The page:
A study of Viennese-born composer Ernst Krenek's prodigious output is rather like a study of twentieth century music in microcosm. Krenek moved with ease through the various aesthetic and stylistic changes that marked that turbulent century, taking what he considered the best features of each and fusing them into a new language all his own. Born in August of 1900, Krenek began musical training at the age of 6, and later studied privately with Franz Schreker in Vienna before enrolling for formal training with the same at the Berlin Conservatory in 1920.
Krenek's music of the early 1920s (including the Symphony No. 1 from 1921 and the first two string quartets) is chromatically charged and rather angst-ridden; however, a 1924 trip to France, during which he was exposed to the more utilitarian, entertaining aspects of Parisian music (and Stravinsky's neo-Classicism in particular) encouraged him to explore a more accessible style. In 1927 the opera Jonny spielt auf, which fuses jazz idioms to Krenek's own brand of tonality, made Krenek a household name; the work was such a popular success that it eventually received performances in over a hundred cities in eighteen different languages.
From 1925 to 1927 Krenek lived in Kassel and Wiesbaden, serving as assistant manager of those city's operas. After returning to Vienna in 1928 Krenek began questioning his own musical aesthetic, and, upon meeting Alban Berg and Anton Webern, made a serious study of the Second Vienesse School's 12-tone techniques. By 1931, when he began composing the opera Karl V (in celebration of the unifying virtues of Catholicism, as opposed to the degeneration of Germanic society in the 1930s), Krenek was convinced of the merits of serial composition; the opera stands as his first thoroughly dodecaphonic work. Nazi officials were not oblivious to the political subtext of the opera, and the planned 1934 Vienna premiere of the work was canceled by the authorities. Krenek visited the United States in 1937, and when Hitler invaded Poland, Krenek was expelled from Austria and moved across the Atlantic permanently.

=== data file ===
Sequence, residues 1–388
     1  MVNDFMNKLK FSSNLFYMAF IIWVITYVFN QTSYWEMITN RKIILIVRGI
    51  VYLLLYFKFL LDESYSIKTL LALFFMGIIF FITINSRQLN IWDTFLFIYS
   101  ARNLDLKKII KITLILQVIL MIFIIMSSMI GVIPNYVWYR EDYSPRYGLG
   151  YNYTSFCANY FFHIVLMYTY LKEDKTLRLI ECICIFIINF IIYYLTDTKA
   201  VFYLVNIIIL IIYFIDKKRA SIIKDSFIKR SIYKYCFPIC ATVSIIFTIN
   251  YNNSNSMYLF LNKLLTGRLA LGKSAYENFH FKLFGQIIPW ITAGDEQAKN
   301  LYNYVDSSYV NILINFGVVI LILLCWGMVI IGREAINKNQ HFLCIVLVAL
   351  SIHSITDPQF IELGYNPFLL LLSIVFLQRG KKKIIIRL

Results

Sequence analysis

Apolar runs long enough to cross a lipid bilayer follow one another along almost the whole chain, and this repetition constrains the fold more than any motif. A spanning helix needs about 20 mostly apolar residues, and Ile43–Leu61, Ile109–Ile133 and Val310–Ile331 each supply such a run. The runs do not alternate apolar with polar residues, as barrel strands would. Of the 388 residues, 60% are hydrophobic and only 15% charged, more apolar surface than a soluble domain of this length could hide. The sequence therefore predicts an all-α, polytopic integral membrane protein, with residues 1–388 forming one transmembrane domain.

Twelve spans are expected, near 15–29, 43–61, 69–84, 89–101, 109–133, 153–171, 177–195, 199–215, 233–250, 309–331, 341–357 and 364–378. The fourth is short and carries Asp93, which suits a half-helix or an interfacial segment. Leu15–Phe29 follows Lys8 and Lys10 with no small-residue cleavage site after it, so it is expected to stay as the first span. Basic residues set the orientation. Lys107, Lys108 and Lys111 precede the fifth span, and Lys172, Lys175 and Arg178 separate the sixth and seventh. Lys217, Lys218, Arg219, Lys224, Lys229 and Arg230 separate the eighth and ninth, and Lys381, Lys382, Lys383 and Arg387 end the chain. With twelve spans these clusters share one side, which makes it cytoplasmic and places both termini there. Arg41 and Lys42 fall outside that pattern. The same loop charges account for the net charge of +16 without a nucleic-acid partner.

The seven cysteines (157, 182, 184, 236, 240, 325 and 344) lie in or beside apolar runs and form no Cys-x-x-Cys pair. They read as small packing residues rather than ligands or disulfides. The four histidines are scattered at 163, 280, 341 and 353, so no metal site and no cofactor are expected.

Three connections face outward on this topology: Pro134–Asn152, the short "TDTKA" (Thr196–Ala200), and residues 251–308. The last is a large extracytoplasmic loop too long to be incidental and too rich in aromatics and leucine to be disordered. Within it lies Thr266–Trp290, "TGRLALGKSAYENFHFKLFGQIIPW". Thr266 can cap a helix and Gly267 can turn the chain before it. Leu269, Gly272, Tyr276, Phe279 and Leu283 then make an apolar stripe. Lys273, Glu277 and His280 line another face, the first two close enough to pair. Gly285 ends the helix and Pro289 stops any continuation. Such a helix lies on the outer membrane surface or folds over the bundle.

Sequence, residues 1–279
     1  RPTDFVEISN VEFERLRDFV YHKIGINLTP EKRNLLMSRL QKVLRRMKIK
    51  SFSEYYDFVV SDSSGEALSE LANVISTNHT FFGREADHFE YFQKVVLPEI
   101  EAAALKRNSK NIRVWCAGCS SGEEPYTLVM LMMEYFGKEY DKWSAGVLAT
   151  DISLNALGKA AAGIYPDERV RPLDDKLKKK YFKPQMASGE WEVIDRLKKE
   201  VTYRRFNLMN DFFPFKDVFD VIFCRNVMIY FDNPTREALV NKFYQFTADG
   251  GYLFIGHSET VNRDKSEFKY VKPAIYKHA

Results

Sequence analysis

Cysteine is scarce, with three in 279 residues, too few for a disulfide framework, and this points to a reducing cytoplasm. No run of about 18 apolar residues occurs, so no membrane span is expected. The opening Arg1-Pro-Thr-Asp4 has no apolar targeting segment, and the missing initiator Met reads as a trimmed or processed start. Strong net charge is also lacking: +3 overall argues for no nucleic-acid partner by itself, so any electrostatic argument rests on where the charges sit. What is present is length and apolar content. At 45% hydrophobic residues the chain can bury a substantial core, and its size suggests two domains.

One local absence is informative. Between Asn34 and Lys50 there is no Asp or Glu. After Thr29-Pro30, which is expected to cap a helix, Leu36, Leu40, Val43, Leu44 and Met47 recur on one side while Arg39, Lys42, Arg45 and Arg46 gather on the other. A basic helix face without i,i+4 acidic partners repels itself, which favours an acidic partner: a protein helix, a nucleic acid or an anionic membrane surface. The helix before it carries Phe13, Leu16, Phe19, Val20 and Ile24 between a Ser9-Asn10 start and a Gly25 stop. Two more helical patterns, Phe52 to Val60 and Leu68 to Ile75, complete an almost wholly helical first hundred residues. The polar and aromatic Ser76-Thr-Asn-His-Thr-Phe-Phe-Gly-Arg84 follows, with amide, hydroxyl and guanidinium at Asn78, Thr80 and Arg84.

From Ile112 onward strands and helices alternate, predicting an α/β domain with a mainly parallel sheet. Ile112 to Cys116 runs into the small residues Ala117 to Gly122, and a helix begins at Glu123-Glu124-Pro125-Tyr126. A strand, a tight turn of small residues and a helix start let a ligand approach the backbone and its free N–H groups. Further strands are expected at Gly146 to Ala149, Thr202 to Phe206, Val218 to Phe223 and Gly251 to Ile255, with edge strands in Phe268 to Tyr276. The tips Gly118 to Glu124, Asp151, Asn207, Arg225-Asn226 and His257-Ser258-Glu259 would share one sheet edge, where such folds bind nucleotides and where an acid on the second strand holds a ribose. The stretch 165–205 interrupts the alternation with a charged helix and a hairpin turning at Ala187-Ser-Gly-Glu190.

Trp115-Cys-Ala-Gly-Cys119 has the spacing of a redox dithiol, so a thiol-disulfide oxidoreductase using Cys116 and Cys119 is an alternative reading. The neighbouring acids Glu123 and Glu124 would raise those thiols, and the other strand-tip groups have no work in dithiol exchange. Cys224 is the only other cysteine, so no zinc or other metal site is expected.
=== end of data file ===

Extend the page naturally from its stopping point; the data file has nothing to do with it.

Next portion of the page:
Krenek divided the remainder of his life between active composition (he remained prolific until his death in 1991) and teaching duties (first at Vassar College in New York, and later at Hamline University in Minneapolis and as guest professor/lecturer at many other American institutions). Krenek was an American citizen from 1945 on.
In the 1950s and 1960s Krenek began to explore electronic composition (e.g. Spiritus intelligentiae Sanctus for voices and electronic sounds in 1956), and also aleatoric (chance) music (e.g., the 1957 work Sestina). During the last decades of his life Krenek scrupulously avoided all compositional "trends" and "systems," choosing instead to rely on his own musical wits.
In 1992, one year after his death, Krenek's remains were transferred to the city of Vienna, where in later years he had come to be honored as befits a musician of his stature.